For example, at times of natural disasters, Governors have ordered changes in the system to eliminate waiting periods- as was the case for example on the Blizzard of 1978!! In Massachusetts. Congress could also immediately increase the funds available to states to finance the system so that it pays out 100% of the wages to any worker laid off or told to take time off due to the virus. The system is already in place. It is a political challenge that must be overcome if we are to move forward.
Likewise, there is no need to create a bureaucracy to fulfill a pledge of an employment guarantee. The employers are responsible. They are always asking for less government intervention- now they can have it. They give their word- but just in case unions, civic leaders, church groups, workers centers, and state Departments of Labor can make sure that their word is their bond.
Maintaining Services. There already exist various publically financed training programs throughout the country. The United States Employment Service is still in business. There are other union-run employment agencies. These can be mobilized to organize and train a pool of workers who can replace those sent home. If we could figure out how to do this in WWII certainly we can do it again.
Finally, no one is going to go to a hospital or be screened if they believe that deportation and family separation will be the result of behaving responsibly. The virus is a public health emergency. No pool of people can be excluded from service or the whole idea of virus containment will be rendered useless.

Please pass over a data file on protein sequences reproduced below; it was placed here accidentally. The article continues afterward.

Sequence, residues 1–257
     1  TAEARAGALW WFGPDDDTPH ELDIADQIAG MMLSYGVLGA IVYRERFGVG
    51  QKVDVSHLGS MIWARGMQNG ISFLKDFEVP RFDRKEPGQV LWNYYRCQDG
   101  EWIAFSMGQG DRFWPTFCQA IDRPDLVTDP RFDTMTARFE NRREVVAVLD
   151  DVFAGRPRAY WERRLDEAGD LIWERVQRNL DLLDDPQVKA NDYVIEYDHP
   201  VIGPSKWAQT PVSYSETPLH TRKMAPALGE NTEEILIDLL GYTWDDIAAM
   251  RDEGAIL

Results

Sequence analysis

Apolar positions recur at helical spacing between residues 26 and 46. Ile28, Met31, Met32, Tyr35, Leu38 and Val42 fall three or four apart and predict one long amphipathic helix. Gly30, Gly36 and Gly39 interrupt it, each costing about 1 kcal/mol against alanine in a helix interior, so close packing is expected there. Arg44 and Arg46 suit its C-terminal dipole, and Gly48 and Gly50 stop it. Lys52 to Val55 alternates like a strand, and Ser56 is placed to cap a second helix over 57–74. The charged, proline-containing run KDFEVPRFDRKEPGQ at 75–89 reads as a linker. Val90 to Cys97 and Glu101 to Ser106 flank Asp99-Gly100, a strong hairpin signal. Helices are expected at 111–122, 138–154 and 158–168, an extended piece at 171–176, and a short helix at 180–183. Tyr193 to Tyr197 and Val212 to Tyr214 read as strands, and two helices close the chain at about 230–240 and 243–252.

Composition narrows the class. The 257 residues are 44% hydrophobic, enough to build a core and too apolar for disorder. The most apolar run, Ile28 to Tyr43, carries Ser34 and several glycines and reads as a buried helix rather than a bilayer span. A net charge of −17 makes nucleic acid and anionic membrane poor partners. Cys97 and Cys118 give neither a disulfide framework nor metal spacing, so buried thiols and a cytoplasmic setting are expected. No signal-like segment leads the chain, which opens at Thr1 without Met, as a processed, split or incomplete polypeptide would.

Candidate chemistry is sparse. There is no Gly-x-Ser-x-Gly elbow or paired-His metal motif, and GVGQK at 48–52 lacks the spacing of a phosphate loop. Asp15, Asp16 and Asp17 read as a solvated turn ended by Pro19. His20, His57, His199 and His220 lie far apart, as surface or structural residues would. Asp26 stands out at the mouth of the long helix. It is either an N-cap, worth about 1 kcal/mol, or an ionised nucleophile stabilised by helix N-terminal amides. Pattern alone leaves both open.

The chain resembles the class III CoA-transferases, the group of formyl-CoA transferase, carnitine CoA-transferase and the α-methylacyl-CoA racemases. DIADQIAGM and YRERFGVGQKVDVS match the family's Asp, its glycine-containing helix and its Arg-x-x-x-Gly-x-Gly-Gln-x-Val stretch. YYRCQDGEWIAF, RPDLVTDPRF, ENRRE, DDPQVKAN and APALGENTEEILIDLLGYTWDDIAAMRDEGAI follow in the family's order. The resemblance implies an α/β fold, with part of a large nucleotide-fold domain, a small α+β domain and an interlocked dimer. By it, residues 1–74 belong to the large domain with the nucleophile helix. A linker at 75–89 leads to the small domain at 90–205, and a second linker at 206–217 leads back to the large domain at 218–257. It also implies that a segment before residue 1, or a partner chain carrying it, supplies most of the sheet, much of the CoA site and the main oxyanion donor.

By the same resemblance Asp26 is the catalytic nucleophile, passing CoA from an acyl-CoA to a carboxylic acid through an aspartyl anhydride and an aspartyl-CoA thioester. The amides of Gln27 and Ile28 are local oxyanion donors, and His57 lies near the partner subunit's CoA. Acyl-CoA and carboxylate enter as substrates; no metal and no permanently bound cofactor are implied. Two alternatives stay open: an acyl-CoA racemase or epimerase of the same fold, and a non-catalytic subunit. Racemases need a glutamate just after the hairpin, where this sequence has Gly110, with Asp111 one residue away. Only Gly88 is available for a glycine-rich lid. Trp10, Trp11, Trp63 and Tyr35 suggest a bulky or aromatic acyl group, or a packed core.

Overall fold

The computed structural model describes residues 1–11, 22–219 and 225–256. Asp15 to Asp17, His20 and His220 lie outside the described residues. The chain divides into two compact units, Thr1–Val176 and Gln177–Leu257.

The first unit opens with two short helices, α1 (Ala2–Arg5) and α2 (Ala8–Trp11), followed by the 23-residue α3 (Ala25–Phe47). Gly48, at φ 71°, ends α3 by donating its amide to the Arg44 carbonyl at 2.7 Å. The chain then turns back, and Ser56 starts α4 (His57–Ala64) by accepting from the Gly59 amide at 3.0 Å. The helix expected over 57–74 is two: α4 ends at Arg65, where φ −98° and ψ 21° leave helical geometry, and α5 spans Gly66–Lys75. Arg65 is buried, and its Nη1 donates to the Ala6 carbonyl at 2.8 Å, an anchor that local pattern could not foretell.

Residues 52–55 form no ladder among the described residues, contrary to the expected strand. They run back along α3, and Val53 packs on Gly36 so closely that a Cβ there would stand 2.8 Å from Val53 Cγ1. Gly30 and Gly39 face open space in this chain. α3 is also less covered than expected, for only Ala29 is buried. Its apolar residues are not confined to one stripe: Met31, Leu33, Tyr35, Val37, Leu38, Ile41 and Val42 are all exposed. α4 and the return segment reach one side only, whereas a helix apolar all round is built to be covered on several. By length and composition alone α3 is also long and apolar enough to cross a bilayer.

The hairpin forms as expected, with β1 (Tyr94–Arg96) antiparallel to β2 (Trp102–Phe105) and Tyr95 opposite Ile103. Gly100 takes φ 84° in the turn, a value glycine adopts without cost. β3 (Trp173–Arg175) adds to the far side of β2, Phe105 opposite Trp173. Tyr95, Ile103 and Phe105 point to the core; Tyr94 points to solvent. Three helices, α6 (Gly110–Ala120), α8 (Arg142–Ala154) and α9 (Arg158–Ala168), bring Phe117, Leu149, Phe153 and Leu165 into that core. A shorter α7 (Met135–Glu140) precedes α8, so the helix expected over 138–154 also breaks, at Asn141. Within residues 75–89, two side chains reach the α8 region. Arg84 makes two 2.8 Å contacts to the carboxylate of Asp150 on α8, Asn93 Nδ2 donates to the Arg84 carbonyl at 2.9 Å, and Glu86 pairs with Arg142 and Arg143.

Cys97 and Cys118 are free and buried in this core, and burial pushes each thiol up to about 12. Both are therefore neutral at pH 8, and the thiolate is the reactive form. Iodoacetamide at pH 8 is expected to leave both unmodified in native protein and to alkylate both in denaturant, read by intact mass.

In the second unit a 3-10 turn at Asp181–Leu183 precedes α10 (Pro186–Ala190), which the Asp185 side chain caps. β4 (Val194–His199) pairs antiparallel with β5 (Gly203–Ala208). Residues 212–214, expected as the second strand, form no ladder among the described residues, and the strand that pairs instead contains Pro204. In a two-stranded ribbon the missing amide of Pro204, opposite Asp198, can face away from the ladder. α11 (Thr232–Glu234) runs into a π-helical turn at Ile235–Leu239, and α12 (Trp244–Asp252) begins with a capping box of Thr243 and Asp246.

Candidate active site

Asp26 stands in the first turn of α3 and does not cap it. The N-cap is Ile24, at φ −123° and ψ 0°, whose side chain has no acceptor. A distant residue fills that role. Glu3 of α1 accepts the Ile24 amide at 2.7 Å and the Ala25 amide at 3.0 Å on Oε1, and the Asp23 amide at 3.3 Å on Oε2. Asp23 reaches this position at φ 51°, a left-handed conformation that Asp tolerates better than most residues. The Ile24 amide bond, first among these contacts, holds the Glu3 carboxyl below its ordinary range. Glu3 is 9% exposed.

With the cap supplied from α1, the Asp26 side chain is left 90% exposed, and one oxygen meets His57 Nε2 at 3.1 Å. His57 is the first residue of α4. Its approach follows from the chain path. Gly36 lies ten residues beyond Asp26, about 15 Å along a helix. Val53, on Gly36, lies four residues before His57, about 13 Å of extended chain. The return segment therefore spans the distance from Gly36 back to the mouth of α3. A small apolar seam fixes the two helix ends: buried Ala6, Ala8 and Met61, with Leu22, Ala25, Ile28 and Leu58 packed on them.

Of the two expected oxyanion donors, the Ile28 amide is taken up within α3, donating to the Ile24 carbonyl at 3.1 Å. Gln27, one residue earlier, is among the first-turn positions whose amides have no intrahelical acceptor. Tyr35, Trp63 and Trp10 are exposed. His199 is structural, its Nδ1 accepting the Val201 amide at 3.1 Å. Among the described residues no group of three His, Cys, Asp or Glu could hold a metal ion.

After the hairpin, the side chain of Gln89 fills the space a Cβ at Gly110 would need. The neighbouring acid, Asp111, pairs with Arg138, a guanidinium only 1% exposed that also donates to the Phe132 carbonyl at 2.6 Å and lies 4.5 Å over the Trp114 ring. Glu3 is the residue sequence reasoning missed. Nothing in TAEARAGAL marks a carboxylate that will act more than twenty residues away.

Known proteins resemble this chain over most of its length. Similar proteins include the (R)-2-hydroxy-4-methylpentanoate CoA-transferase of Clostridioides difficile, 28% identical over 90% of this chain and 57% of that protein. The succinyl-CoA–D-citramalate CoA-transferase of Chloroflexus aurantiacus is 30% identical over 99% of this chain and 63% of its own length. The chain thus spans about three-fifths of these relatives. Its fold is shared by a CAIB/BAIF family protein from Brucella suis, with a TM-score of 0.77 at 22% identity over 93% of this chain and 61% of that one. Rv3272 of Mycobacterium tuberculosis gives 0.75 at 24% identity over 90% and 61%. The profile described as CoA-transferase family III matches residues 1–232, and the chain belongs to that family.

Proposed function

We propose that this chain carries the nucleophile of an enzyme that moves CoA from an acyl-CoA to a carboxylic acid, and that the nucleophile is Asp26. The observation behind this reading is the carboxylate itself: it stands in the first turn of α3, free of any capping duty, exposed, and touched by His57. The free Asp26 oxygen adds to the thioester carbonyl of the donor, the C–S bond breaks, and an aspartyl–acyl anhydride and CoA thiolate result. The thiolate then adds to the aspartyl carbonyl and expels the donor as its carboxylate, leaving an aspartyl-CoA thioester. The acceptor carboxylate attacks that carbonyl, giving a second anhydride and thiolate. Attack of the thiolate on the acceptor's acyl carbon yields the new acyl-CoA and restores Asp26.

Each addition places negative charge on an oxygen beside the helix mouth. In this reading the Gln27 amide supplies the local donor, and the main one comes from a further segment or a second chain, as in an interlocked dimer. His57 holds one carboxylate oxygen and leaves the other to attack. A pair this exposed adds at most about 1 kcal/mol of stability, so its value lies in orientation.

Encouraging people with questionable citizenship status to participate is an absolute necessity- not simply for public health reasons. Agricultural production will collapse in states like Wisconsin, which depend on an agricultural labor force, many of whom may have questionable or no proper papers if the illness spreads widely. This, of course, is a political question and forces all of us who want to deal with this epidemic to face the fact that to overcome the virus it is necessary to overcome xenophobia, racism and short-sightedness of the current immigration policies.
Covid-19 raises other significant issues as well. Over the years the public health infrastructure of this country has been hollowed out.
Spending on public health remains three percent below what it was in 2009. The Journal estimates that there are 59,000 fewer local public health workers now than ten years ago. In various states such as Washington and Kentucky health centers may be forced to close because of lack of funding.
Provision of screening has also put into the spotlight the total lack of availability of services. Three months after the virus was identified, the much vaunted private insurance driven health care system in the US has not been able to provide the level of screening needed to even diagnose the extent of the virus. In the second week of March, restrictive rules by the federal government are still impeding the availability of screening. Hospitals have turned people away declining to test for the virus citing restrictive rules emanating from the CDC.
Just in case you may have insurance, the New York Times made another point. Most plans have deductibles. Those deductibles are generally not fulfilled this early in the year, so that one could be on the hook for the cost of your screening.
Means while other countries which have experienced the virus and ordered massive quarantines or shutdowns have focused their attention on providing care and treatment. They are not worried about a huge drop in personal income and the destitution of families. European countries all have “safety nets” in place guaranteeing income to those out sick.
While the plans vary in the details, all are designed to prevent a recession as a result of income loss due to the virus.
Industry bailouts, small business loans and a meager cut in payroll tax may be good campaign ideas, they do nothing to address the immediate need for the provision of a robust and free medical response to this emergency. They do not meet the minimum needs of working people for a job well done and the income security they deserve.